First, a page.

A Canadian woman has been ordered by a civil court to pay damages to her former employer for “time theft” after she claimed time not worked through tracking software.
Karlee Besse, a family firm accountant in British Columbia, initially argued she was wrongfully fired and is seeking $5,000 (£3,056) in unpaid wages and severance pay.
But Reach CPA said it fired her because she “participated in time theft” and countersued wages paid for the false hours and the unpaid amount Ms Besse was prepaid when she started working.
The company said it found that Ms Beth had logged more than 50 hours on her timesheet that “did not appear to be spent on work-related tasks”.
Reach once installed employee tracking software called TimeCamp on her work laptop after she started holding weekly performance meetings with her manager.
Court documents in the case state: “Reach states that its analysis of Miss Besse’s timesheet and TimeCamp data found irregularities between her timesheet and software usage logs.
“The video submitted by Reach demonstrates how TimeCamp tracks Miss Besse’s time and activities.
“It says the videos prove that Miss Besse engaged in time theft by recording work time in her timesheet, which TimeCamp did not track.”
Ms Besse said she found the software to be difficult to use and could not distinguish between work and personal use.
But the company showed how Timecamp can differentiate the two, such as whether it’s being used to access streaming services like Disney+ and for how long.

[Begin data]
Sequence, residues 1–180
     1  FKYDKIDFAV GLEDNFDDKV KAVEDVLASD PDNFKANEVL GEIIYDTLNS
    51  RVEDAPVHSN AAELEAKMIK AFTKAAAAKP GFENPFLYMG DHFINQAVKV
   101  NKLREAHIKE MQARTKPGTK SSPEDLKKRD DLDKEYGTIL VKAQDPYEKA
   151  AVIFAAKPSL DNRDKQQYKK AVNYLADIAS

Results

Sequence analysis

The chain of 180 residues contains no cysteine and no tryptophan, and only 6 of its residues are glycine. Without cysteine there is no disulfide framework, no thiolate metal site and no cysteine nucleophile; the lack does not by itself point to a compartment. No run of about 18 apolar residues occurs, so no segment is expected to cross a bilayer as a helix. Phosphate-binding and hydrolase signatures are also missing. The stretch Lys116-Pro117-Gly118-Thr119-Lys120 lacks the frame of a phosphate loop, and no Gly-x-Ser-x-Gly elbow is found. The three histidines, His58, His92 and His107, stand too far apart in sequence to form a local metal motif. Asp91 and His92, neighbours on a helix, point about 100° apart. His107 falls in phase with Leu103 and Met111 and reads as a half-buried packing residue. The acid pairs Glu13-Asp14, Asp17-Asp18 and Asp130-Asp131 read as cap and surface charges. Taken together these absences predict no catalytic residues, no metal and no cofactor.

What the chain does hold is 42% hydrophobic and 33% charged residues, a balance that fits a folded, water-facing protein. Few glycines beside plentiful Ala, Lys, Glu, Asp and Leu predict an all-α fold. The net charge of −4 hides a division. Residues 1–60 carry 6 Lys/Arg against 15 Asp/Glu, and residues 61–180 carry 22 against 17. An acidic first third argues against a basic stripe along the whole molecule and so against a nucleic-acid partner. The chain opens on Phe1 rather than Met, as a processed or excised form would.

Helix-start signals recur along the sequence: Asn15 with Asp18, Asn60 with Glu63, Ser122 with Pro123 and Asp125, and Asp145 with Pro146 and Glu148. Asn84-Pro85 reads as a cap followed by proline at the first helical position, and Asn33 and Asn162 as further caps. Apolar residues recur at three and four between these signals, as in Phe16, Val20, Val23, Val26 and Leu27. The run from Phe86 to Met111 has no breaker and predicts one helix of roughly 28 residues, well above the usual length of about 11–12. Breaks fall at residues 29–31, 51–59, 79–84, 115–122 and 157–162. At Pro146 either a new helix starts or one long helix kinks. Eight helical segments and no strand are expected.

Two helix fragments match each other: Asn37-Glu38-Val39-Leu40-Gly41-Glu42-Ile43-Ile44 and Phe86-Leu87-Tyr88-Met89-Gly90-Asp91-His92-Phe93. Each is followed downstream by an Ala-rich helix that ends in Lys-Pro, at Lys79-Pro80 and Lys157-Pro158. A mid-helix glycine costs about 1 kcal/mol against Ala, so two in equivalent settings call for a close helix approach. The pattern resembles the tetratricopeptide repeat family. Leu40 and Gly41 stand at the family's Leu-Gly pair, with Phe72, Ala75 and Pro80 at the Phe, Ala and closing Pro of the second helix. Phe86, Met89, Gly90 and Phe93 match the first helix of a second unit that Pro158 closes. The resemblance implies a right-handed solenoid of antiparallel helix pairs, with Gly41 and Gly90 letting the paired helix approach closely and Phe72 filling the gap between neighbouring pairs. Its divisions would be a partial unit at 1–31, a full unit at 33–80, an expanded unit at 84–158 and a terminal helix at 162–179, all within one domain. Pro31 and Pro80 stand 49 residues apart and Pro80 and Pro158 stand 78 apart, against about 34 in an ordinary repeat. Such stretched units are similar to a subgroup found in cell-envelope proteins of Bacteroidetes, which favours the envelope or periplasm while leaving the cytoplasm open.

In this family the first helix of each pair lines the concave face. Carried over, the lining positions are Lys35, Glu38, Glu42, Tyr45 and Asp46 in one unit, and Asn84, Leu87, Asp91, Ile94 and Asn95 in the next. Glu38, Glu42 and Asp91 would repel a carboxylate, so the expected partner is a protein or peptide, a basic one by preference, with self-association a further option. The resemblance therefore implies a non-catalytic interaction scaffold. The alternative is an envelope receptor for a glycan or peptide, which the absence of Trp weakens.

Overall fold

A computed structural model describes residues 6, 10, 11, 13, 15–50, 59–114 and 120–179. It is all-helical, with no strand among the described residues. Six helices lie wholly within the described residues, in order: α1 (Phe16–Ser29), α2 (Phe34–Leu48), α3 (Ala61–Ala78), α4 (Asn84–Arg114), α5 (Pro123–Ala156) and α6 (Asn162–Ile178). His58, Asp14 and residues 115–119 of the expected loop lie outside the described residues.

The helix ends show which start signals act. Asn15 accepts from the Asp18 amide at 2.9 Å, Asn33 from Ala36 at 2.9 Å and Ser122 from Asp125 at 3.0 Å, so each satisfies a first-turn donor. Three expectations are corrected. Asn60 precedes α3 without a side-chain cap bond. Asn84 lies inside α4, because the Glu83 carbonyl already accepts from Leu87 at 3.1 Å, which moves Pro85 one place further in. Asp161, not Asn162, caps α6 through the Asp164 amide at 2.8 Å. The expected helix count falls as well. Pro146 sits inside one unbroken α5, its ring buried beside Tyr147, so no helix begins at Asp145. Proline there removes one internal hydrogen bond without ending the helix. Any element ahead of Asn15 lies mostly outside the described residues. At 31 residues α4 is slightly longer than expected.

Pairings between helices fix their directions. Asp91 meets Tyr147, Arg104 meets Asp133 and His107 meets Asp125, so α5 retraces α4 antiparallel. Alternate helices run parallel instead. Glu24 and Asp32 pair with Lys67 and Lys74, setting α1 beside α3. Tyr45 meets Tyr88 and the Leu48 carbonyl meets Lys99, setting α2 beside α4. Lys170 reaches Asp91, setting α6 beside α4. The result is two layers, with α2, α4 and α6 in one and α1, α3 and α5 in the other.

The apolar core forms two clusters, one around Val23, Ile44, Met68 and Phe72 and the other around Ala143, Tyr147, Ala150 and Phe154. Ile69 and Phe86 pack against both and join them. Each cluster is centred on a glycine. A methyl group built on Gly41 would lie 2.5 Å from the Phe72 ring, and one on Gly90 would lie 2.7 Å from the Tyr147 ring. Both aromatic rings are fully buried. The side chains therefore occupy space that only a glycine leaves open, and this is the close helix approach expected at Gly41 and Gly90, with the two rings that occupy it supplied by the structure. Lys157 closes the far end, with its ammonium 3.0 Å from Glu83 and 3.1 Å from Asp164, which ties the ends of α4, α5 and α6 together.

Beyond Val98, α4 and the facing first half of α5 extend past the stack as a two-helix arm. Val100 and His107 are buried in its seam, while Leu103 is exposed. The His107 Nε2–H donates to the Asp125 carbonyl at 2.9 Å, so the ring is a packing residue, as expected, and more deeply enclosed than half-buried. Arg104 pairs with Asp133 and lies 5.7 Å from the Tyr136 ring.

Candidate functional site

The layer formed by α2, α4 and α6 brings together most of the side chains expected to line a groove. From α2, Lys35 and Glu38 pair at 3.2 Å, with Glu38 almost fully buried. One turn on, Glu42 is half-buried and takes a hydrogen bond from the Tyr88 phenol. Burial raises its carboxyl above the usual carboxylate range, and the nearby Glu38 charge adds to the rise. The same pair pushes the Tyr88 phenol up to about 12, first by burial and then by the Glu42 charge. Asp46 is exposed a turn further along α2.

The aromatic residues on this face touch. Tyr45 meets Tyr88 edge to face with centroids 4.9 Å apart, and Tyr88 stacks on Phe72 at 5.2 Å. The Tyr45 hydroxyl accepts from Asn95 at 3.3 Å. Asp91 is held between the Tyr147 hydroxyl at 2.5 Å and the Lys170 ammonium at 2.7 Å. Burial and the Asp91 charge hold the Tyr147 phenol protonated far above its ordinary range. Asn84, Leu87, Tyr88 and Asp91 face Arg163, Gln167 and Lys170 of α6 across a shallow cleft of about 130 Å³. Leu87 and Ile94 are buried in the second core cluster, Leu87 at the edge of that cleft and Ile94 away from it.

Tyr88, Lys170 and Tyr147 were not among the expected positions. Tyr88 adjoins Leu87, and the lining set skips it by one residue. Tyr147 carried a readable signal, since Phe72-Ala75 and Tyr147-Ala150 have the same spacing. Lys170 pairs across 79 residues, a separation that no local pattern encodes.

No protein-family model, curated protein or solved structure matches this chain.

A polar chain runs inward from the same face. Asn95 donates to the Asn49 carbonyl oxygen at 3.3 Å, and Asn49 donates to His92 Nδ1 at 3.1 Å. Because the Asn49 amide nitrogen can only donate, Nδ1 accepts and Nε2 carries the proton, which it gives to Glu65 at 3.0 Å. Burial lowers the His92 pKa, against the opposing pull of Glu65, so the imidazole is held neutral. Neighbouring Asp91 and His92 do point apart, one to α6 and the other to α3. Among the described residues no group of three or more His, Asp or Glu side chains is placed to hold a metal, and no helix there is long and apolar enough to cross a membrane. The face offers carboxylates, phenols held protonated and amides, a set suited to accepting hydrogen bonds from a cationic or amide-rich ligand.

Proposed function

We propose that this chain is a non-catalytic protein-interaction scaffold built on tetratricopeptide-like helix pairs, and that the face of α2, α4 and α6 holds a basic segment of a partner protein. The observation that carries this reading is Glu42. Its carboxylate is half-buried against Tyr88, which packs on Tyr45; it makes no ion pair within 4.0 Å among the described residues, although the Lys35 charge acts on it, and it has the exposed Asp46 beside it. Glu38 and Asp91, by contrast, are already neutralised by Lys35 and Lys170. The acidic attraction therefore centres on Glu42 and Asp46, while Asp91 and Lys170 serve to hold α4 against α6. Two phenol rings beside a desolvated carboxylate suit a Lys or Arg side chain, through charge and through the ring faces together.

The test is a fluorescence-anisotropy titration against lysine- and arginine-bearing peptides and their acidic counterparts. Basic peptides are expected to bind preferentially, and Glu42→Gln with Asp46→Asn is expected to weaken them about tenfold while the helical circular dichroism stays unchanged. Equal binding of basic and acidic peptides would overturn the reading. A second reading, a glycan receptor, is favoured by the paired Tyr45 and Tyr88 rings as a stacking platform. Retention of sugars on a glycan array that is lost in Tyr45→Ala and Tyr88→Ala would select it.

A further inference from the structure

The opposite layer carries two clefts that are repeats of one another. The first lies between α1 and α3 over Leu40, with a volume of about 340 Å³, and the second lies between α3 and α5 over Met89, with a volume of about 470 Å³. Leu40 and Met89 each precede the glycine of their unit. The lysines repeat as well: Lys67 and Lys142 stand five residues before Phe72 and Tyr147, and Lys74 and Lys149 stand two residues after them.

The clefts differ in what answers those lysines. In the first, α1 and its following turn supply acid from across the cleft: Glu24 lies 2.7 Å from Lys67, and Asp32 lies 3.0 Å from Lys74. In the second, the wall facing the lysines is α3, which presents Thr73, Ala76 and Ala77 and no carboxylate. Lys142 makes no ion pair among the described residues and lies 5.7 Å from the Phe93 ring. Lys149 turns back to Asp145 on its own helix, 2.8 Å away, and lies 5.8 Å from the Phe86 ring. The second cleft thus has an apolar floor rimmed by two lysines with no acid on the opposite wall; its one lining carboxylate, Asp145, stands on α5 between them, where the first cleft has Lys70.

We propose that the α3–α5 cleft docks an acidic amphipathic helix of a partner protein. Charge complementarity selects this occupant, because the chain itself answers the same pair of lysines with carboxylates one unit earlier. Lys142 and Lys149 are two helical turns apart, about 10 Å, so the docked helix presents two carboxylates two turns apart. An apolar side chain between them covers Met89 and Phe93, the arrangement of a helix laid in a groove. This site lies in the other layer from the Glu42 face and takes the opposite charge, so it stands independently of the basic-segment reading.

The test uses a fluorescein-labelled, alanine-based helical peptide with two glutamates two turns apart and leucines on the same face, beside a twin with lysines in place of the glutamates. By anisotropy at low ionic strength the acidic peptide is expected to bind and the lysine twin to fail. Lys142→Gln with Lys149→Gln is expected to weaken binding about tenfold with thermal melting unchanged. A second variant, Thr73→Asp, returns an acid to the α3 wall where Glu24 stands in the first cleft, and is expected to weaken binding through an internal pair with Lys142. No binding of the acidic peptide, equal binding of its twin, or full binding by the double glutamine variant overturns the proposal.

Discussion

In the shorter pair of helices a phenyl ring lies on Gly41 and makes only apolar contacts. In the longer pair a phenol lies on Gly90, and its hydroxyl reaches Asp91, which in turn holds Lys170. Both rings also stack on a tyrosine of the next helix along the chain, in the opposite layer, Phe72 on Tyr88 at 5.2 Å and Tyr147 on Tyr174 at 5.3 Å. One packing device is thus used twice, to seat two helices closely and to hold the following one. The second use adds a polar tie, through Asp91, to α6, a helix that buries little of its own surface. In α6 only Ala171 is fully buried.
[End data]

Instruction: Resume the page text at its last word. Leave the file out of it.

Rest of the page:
Ms Besse also said she spent a lot of time dealing with paper copies of client documents, which would not be captured by TimeCamp, and didn’t tell Reach because she “knew they didn’t want to hear about it” and was scared.
TimeCamp data provided by the company showing Ms Besse’s printing work, the company said, suggested she was unable to make the required number of hard copies and had to enter details into the software at some point, which did not happen.
‘I’m really sorry’, accountant says
Faced with a timing analysis in a video conference with the company, Ms Beth said: “It is clear that I have crammed time onto documents that I have not had access to, which is incorrect or inappropriate in any respect or fashion, And I admit it, and for that I’m really sorry … I can’t hide that.”
Court member Meghan Stewart found Reach had testified Ms Besse was involved in the time theft, which she described as “a very serious form of misconduct”.
She dismissed the allegations of wrongful dismissal, saying: “Given the importance of trust and honesty in an employment relationship, especially in a remote working environment without direct supervision, I find that Miss Beth’s misconduct has led to irreparable damage to her employment relationship. The rupture of Reach’s dismissal was proportionate in the circumstances.”
She ordered Ms Besse to pay Reach a total of $2,757 (£1,691), including “time-theft debts and damages” and the outstanding portion of advances she had received from the company.